Ruen has explained many things to me about who he is and what he does, but never about why I can see him when no one else can. I think we’re friends. Only, what Ruen has asked me to do makes me think he’s not my friend at all. He wants me to do something very bad.

He wants me to kill someone.
Carolyn Jess-Cooke

About Carolyn Jess-Cooke

Carolyn Jess-Cooke - The Boy Who Could See Demons
Carolyn Jess-Cooke was born to a musical family in Belfast, Northern Ireland. She is an award-winning author of poems and novels for adults, as well as four nonfiction books. Her first poetry collection, Inroads, won the Tyrone Guthrie Award, an Eric Gregory Award from the Society of Authors, a Northern Promise Award, and was shortlisted for the London New Poetry Award. Her bestselling novel, The Guardian Angel’s Journal, has been translated into twenty-one languages.
Praise

Praise

“A well written, engaging read filled with compassion for those suffering the whims of an untamed mental illness . . . A poignant read, The Boy Who Could See Demons is a suspenseful novel that probes the issues surrounding the devastating effects of mental illness. The author delves into the psychological issues of schizophrenia and mental disorders with such dexterity it leaves the reader stirred and affected, questioning throughout the story what is real and what is not. . . . As the conclusion draws near, the story takes unexpected turns, making it even more dramatic and compelling.”New York Journal of Books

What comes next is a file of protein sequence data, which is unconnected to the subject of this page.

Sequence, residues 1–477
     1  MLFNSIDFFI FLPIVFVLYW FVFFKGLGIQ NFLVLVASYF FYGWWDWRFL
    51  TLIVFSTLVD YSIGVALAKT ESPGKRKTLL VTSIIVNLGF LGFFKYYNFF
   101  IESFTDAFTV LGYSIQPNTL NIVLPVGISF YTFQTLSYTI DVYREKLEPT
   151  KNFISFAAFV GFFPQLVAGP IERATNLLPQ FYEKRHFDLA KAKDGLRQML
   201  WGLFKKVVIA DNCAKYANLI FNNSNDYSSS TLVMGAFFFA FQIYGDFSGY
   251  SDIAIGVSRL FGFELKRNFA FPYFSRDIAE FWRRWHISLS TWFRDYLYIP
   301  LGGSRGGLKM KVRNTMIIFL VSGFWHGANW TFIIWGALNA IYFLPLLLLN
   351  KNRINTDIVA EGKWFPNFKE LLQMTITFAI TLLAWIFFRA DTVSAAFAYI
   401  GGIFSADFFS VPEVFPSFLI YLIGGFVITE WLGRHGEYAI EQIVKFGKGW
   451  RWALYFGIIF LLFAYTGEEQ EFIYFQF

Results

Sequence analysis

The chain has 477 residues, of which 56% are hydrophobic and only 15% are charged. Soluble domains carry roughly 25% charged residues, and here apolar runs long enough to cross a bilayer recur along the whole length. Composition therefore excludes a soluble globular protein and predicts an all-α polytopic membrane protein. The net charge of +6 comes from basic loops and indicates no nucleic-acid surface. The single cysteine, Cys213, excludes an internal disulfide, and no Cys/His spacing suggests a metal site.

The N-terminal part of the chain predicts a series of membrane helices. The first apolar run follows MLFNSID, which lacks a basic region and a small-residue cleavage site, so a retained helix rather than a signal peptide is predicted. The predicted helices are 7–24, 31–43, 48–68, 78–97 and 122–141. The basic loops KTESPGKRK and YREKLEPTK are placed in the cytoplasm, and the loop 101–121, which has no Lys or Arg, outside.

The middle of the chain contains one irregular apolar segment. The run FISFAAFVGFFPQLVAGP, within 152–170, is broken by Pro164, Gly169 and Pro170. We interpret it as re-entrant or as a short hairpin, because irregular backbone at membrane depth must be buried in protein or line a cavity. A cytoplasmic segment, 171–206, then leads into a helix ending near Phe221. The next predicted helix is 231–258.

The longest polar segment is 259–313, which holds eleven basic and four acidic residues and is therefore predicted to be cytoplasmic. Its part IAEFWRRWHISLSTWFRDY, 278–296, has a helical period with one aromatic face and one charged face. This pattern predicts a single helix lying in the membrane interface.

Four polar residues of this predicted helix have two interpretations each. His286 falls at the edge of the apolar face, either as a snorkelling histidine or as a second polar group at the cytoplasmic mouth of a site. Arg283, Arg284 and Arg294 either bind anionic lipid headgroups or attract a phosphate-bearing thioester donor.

“Impressive . . . Jess-Cooke is every bit as skillful in her vivid portrayals of unworldly beings . . . as in illustrating the dreadful toll taken by mental illness.”Booklist
 
“A searing novel of suspense.”Publishers Weekly

“A psychologically complex thriller, told with compassion in a marvelously suspenseful narrative that keeps you engaged from the first page to the last . . . This book has it all: a dark and dangerous setting, characters full of depth, rich emotions, and a clever plot. You’ll fall in love with Alex—and his demons.”—Chevy Stevens, author of Still Missing
 
“Top-notch psychological suspense . . . Beware what you think you know. It might be only the demons talking.”—Lisa Gardner, author of Touch & Go
 
“Brilliant! Rich with fully formed characters, this heart-gripping novel will keep you riveted from first page to last.”—Jeffery Deaver, author of XO
 
“Utterly captivating, this is a book I adored and savored from the first to the very last magical page.”—Tess Gerritsen, author of Ice Cold
 
“An absolute chiller, deep, moving, and utterly gripping . . . I was riveted from the unsettling beginning to the mind-bender of an ending. This is a stellar read that will stay with me for a good long while.”—Lisa Unger, author of Heartbroken
 
“A rare and intriguing book, both emotionally and intellectually challenging . . . The cerebral challenge is the puzzle at the heart of the novel: Whose truth is real?”—Helen Grant, author of The Vanishing of Katharina Linden
 
“A stunning story—a well-researched, authoritative delve into psychosis, guilt, and damage . . . thrilling, wholly plausible, and utterly satisfying.”—Julia Crouch, author of Every Vow You Break
 

“Gripping from the opening paragraph to its final revelations, this is a brilliant exploration of the point where imagination, psychology, art, politics, and the supernatural meet and merge in a young boy’s mind. The Boy Who Could See Demons is touching and painfully funny.”—Christopher Fowler, author of The Memory of Blood